HKU teen seeks sense and sociability
Joseph Ng Kwok-chung, 14, the youngest student ever admitted to the University of Hong Kong, has one worry as he embarks on his higher education at an age most youngsters are still struggling through secondary: making friends.
'I am really happy and excited to be accepted, but perhaps like a lot of people I'm most worried about making friends,' said Joseph, who will join a three-year degree programme in the faculty of science.
But he denied his concerns were due to the age gap. 'When I studied for the A-Levels, I got along well with older classmates,' he said.
He learned of his success yesterday through the Joint University Programmes Admissions System. He plans to read chemistry and go on an overseas exchange programme.
As for his worries about friends, his father, Ng Sai-keung, advised him to be 'up to date with entertainment news ... and play some video games - but not too much'.
'We hope it will help him have more conversation topics when meeting people,' said the elder Ng, a government statistical officer, said.
Joseph, who graduated from the International Christian Quality Music Secondary and Primary School, will receive a HK$40,000 lump-sum scholarship from the faculty of science for scoring three As in his A-levels, in physics, chemistry and pure mathematics. In language, he scored a C in English and a D in Chinese.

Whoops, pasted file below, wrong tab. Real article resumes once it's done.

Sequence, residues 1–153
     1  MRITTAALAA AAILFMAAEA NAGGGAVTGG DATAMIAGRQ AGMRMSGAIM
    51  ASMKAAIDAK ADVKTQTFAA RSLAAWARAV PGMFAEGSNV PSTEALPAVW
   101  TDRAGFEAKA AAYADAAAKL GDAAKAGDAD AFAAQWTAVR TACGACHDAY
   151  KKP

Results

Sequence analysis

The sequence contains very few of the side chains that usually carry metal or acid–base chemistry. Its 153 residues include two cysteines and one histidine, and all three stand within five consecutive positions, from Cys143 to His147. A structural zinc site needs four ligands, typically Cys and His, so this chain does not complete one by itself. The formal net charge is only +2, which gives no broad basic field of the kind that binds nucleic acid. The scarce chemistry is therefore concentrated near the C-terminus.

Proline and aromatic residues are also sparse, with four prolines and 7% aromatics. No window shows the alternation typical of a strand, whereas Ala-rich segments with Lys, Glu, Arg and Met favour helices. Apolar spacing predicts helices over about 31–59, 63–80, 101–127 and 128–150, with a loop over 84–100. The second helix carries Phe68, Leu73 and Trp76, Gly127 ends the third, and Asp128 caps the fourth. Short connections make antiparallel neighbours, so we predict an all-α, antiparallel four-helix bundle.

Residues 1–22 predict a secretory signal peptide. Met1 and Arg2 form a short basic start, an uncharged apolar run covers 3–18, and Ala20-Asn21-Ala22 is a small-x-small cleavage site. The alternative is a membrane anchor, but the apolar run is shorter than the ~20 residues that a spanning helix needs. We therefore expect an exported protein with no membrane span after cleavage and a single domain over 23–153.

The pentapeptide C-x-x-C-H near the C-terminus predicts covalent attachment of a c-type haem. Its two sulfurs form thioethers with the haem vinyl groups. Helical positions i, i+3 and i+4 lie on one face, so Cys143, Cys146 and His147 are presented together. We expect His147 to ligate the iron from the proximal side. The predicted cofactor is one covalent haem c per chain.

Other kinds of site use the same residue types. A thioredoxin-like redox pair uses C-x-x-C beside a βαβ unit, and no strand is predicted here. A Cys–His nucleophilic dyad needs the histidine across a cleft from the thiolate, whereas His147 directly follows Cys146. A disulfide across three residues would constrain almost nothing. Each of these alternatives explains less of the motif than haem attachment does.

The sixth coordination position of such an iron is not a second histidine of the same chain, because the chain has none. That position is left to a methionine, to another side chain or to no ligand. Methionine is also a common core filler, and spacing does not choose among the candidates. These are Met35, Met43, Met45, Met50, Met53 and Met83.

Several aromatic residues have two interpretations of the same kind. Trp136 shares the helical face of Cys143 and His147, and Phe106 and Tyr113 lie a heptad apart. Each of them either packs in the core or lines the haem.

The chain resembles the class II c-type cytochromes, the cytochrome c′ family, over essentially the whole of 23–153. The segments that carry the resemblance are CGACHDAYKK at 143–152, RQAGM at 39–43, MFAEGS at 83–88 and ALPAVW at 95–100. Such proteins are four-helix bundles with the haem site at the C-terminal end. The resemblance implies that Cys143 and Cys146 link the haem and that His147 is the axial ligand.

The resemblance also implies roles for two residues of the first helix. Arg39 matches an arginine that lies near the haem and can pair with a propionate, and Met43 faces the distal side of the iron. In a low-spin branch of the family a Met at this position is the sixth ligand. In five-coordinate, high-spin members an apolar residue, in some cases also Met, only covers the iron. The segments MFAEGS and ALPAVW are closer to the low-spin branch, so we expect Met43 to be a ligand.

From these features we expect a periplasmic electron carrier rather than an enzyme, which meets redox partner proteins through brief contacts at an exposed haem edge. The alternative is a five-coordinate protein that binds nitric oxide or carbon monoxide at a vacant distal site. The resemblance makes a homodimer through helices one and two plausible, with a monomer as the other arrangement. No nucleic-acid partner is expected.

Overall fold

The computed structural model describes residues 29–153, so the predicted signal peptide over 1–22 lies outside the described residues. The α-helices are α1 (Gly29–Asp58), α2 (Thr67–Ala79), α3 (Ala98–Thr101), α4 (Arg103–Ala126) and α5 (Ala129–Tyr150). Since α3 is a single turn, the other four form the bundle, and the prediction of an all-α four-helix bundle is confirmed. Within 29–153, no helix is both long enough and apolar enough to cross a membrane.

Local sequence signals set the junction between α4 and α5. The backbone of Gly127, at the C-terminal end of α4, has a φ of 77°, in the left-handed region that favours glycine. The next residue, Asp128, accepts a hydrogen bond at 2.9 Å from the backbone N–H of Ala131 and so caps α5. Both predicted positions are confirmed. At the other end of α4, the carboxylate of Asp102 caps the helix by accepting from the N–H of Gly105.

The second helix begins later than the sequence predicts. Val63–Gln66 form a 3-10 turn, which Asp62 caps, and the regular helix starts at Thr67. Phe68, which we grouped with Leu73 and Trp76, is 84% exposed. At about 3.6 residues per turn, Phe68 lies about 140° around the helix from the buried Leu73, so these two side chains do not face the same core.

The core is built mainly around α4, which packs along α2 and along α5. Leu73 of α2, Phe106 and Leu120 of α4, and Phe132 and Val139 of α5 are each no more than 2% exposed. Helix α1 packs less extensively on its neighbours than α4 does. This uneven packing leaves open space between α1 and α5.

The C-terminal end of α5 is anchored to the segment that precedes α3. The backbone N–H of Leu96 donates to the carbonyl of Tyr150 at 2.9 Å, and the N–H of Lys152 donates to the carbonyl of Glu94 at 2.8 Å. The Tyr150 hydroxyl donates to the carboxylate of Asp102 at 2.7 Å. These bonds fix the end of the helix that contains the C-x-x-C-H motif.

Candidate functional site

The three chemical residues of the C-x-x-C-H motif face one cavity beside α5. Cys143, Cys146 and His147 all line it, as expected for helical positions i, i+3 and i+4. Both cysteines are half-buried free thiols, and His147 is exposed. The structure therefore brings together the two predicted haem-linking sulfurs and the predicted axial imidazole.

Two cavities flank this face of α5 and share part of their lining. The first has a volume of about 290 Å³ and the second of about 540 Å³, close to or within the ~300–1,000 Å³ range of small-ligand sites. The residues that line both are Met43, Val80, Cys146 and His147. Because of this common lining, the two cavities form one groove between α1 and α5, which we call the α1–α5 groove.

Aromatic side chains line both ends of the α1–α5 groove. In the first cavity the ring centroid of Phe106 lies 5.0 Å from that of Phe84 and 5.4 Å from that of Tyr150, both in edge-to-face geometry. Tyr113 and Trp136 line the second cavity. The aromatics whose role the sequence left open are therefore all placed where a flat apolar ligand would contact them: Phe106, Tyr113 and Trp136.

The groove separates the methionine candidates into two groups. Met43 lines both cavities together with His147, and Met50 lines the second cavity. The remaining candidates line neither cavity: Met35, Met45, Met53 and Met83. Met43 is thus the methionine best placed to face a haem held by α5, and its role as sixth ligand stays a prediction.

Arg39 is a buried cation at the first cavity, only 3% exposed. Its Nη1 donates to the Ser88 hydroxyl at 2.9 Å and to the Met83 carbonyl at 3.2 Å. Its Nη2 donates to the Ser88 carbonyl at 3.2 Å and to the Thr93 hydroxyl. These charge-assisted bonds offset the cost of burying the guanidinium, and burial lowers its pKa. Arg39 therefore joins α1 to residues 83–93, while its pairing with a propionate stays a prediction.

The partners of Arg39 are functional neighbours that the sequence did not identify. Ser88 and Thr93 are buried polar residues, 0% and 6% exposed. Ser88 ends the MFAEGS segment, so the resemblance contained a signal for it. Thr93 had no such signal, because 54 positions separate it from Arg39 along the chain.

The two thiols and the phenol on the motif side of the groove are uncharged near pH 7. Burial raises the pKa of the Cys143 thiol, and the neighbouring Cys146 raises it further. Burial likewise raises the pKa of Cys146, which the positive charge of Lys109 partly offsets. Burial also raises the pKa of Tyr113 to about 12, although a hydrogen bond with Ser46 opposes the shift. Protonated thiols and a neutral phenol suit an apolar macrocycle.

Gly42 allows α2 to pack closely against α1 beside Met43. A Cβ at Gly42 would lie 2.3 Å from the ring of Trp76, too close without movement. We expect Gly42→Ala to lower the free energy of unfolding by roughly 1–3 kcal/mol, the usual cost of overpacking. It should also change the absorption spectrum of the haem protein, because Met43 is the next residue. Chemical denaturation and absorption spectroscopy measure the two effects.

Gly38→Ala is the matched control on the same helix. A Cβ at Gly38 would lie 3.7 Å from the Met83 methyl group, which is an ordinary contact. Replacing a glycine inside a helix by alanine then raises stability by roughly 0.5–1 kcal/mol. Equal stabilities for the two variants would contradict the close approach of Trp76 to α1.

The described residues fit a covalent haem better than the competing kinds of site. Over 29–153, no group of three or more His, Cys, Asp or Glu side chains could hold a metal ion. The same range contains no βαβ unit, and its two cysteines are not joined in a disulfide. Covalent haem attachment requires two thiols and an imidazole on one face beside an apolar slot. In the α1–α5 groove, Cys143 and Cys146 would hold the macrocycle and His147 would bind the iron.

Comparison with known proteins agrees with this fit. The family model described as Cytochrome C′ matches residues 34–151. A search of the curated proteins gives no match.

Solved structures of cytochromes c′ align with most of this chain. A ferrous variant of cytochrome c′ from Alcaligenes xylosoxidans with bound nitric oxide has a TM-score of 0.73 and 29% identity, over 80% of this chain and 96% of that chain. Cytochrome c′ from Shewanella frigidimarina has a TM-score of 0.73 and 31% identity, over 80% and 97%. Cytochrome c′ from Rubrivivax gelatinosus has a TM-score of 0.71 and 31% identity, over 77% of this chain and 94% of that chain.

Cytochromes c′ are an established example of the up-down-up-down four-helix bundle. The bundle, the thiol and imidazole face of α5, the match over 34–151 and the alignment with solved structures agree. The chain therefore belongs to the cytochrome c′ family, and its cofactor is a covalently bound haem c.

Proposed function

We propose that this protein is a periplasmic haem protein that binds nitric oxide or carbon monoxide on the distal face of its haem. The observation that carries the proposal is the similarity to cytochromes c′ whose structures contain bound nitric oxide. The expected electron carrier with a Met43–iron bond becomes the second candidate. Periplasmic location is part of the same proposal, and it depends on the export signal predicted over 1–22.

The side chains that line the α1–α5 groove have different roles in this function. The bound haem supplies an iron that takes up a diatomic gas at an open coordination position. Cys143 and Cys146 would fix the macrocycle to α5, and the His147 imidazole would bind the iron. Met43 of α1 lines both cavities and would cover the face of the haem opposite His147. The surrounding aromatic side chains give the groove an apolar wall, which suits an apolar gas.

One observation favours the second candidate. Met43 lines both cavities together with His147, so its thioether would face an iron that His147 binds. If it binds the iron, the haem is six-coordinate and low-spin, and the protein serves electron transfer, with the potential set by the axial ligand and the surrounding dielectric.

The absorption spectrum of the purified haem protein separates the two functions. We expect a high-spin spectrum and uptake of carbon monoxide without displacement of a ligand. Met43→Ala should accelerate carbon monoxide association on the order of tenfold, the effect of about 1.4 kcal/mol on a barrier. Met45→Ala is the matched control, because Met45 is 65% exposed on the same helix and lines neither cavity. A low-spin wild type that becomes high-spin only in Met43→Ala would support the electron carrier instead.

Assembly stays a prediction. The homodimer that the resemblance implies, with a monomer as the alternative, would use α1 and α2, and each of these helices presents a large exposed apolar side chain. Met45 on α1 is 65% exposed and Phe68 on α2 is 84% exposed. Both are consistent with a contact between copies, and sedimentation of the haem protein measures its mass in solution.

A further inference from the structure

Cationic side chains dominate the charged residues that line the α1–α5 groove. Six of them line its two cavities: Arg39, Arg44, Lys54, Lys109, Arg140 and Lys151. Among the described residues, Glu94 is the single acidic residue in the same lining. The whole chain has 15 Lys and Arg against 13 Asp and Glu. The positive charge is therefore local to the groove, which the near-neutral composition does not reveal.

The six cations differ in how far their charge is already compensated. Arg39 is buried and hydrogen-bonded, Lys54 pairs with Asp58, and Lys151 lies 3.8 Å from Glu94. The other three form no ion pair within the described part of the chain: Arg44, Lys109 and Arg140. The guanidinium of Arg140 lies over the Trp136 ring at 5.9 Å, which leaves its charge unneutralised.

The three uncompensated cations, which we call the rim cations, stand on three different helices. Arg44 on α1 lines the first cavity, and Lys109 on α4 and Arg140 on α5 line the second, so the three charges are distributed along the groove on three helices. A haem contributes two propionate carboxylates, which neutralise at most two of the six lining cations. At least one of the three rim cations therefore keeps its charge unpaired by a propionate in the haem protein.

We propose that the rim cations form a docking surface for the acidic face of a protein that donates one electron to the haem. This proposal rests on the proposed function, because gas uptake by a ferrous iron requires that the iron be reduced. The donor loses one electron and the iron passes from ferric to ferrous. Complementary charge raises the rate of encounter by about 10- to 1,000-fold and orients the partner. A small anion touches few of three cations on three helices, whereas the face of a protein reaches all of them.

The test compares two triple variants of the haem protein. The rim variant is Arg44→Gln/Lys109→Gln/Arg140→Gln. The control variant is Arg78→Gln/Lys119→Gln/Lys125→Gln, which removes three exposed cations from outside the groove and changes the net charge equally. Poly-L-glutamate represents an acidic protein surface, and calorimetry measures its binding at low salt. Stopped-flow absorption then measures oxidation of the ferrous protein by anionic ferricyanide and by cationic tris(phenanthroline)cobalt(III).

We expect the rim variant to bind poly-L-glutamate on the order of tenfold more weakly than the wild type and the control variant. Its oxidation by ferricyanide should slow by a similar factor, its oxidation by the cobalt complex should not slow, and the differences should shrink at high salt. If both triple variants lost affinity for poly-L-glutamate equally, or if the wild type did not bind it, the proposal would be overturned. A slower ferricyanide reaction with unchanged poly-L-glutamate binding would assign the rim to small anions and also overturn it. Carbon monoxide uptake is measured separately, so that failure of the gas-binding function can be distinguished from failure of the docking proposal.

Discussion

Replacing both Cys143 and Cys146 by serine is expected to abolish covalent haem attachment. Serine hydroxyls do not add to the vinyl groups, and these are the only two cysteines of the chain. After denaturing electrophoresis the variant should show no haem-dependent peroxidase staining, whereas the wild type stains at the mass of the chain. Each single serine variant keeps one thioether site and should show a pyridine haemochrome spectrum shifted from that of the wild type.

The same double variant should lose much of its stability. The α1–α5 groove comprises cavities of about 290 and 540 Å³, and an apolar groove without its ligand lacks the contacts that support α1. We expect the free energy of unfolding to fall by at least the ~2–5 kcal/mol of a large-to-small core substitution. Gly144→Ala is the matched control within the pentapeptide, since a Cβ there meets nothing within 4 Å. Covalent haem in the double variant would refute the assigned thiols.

The faculty's associate dean, Chan Wai-kin, said that after meeting him and observing his work in HKU's Junior Science Institute, they had deemed him well prepared.
Chan, a chemistry professor, said the school had already made adjustments to welcome younger freshmen. Due to the double cohort of students entering university, with half being Form Six leavers who sat the new Diploma of Secondary Education exam, many students will be under 18.
The university is providing an array of support measures to help ease Joseph into university life, and will assign him an academic adviser to meet him at least twice a year.
Director of counselling Dr Eugenie Leung said an orientation induction programme would be offered to younger students to help them cope.
Joseph appeared shy and reserved as he met the media yesterday accompanied by his parents and 11-year-old sister. But his reticence belied his talent, which helped him win the Hong Kong Mental Arithmetic & Mathematics Competition in 2007and earn first-class honours in the International Junior Science Olympiad.
The young prodigy also qualified for a performance diploma in piano and passed grade eight in violin.
He will stay with his family in Diamond Hill instead of moving into a dormitory, as his mother said he was not ready for that yet.
March Tian Boedihardjo's age when he was admitted to Baptist University, becoming the city's youngest-ever university student